Tuesday, June 28, 2011

If Vegas oddsmakers saw my "new" place.

At the end of May I moved into one half of a shotgun house in the Uptown area of New Orleans.  Living within walking distance of bars, restaurants, libraries, the streetcars, the river, etc. is wonderful, and I don't think I could go back to living in a massive, characterless apartment complex any time soon.  The tradeoff, however, means living in a building that is probably 150 years old, and has all of the problems associated with such an ...um... historical property.

To enhance the fun of dealing with the new place, I'm now accepting wagers on various aspects of the house.  I've even been kind enough to give you some odds and considerations for your bets. Come on, who wants in on this action? 

Odds that door handles stay latched - 2 to 1
We're told that these door knobs were salvaged from the first hotel in Washington, D.C.  That doesn't mean that there were properly installed.

Odds of electrical outlets giving somebody a shock - 500 to 1
This house has probably been wired and rewired over the years, and has a mix of both grounded and ungrounded outlets.  Odds of having a grounded outlet when you need one?  Not good... not good at all.

Odds of getting tetanus by sitting in one of our backyard chairs - 100 to 1
That's for people that sit in the chairs.  The odds of somebody actually sitting in them are less.  The greatest risk is probably falling through rusty spots, and at this point, the chairs are made entirely of iron oxide and blue paint.

Odds of the walls being made up of more termites than wood - 1000 to 1
There's visible termite damage in several places, but they send somebody out to check and spray every year.  The guy this year talked to me about playing Rock Band and then proceeded to scale a tree in our back yard.  Thorough enough of a check for me.

Blowing myself up with my ancient gas oven - 2 to 1
To blow myself up it would mean that I was attempting to use the oven.  If I was attempting to use the oven, I was probably trying to blow myself up, because I surely wasn't trying to cook anything.

Odds of having insulation - Infinity to 1
It's a shotgun house in New Orleans; it aint gonna happen. 

P.S. I'm not really accepting wagers, but I will accept donations to pay for the tetanus shots of my visitors.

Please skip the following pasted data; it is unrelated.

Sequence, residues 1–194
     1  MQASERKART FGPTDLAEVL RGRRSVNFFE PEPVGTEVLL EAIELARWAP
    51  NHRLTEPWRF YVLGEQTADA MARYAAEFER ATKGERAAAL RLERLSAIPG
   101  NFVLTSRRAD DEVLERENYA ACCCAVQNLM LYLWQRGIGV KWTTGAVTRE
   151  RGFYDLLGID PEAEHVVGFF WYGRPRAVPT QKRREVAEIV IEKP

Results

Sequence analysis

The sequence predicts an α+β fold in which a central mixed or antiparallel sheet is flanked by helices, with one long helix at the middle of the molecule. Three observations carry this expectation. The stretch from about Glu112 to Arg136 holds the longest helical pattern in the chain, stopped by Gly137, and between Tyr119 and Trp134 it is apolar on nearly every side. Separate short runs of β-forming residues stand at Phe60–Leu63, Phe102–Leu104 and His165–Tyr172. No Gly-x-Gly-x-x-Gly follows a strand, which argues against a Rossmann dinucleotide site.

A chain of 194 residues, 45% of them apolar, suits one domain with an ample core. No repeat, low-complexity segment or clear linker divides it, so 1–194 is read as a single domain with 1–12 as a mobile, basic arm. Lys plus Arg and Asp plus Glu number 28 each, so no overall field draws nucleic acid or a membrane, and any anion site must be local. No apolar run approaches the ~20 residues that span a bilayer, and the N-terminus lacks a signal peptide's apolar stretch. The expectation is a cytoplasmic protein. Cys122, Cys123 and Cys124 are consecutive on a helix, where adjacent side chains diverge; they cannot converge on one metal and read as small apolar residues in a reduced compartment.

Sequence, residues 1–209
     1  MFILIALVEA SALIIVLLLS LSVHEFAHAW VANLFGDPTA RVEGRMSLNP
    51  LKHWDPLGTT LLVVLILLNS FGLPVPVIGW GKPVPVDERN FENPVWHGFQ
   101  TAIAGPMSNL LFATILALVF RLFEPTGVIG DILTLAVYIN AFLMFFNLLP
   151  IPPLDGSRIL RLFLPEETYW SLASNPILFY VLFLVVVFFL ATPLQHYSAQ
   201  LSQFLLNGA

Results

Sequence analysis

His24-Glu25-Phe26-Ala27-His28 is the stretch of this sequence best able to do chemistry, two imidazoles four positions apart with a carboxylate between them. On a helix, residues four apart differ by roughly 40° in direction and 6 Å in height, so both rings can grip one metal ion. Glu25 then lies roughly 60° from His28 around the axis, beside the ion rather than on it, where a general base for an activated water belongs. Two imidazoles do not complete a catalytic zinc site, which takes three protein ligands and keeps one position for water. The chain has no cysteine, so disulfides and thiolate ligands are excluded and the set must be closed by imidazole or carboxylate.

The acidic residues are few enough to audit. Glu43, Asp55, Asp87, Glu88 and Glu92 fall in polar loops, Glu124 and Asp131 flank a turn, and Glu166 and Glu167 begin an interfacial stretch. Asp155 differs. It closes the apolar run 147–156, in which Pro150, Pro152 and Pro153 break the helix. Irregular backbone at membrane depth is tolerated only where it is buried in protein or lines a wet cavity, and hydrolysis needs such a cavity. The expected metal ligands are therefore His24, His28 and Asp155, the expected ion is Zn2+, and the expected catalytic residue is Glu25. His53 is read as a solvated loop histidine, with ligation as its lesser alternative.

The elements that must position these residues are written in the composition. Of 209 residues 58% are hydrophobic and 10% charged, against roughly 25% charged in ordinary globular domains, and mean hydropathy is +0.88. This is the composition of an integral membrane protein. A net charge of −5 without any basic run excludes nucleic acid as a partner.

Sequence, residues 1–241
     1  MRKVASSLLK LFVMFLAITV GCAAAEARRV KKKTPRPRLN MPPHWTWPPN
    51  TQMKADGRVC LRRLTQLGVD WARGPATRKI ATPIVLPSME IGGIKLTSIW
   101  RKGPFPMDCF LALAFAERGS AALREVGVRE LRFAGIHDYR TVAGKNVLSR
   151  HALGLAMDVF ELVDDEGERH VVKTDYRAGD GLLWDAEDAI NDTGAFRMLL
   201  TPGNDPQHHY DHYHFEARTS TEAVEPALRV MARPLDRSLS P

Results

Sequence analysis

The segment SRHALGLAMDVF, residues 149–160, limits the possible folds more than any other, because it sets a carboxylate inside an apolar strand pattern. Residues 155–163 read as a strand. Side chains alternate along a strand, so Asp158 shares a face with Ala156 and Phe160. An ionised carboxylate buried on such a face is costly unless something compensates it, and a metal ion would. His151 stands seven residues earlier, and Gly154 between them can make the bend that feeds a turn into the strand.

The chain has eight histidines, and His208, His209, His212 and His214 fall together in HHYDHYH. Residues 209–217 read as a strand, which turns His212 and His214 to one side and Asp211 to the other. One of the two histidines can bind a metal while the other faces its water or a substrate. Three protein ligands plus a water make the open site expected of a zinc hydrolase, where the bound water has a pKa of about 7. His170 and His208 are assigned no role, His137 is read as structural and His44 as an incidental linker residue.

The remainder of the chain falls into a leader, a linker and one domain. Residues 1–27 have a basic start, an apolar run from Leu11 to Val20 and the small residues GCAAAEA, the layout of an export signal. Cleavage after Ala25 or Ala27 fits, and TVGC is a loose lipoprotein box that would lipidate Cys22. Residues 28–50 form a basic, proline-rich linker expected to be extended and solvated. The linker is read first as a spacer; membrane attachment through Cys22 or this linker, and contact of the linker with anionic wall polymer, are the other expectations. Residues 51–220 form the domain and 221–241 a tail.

Wednesday, June 22, 2011

Wednesday work nights

Wednesdays are popular nights at popular bars.  We're both at home working.  At least the beer is cheaper here.

Key to a happy life # 10,322.1:  Always find good in the bad when working on popular nights at popular bars.
Key to a happy life # 10,322.2:  Or just love working. 

# 18.2:  Own a laptop with WiFi

Wednesday, June 15, 2011

Gearing up while gearing down

400ft drop off into a volcanic crater.  Definitely no net here. 
So what does one think of when they’re three and a half weeks away from exiting the corporate world and entering the mad scramble on their own? Getting things lined up, making and executing plans, stocking up on Ramen noodles? There’s a phrase in the entrepreneurship world that goes “If you jump, the net will appear.” While that’s somewhat comforting, I’d still rather be on the ground weaving the net before I take the dive.

In no particular order, here’s a list of the stuff that’s rolling through my head. Some of it is actionable during the off hours of my last three and a half weeks of employment, all of it actionable within the next 60 days. And I’m leaving some of this intentionally vague. I can’t give away all my secrets yet.

Things on my mind:

  • New Business Cards (found a printer I like, need to finish organizing images)
  • Website Updates (rewording, reformatting, adding content)
  • Marketing Plans - Ad Creation (multiple targeted ads); Placement (appropriate to respective targets); product offerings (there’s a separate list for this)
  • Existing Contacts (reach out to existing patrons in my circle as well as those long shots I know on the edge)
  • Lead generation – Another “net” maxim for success, this time from fishing instead of acrobatics: Cast a wide net. I’m open to a lot right now. There’s another separate list for this.